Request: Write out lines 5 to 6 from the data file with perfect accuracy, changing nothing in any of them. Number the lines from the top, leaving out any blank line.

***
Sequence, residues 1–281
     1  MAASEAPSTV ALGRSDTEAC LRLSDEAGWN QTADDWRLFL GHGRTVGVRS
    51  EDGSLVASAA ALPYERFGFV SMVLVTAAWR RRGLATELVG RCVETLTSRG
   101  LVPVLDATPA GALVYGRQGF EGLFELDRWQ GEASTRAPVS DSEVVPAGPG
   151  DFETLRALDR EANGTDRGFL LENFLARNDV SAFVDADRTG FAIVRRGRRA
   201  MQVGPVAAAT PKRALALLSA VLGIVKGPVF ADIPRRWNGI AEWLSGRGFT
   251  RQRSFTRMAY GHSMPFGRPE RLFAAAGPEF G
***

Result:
   151  DFETLRALDR EANGTDRGFL LENFLARNDV SAFVDADRTG FAIVRRGRRA
   201  MQVGPVAAAT PKRALALLSA VLGIVKGPVF ADIPRRWNGI AEWLSGRGFT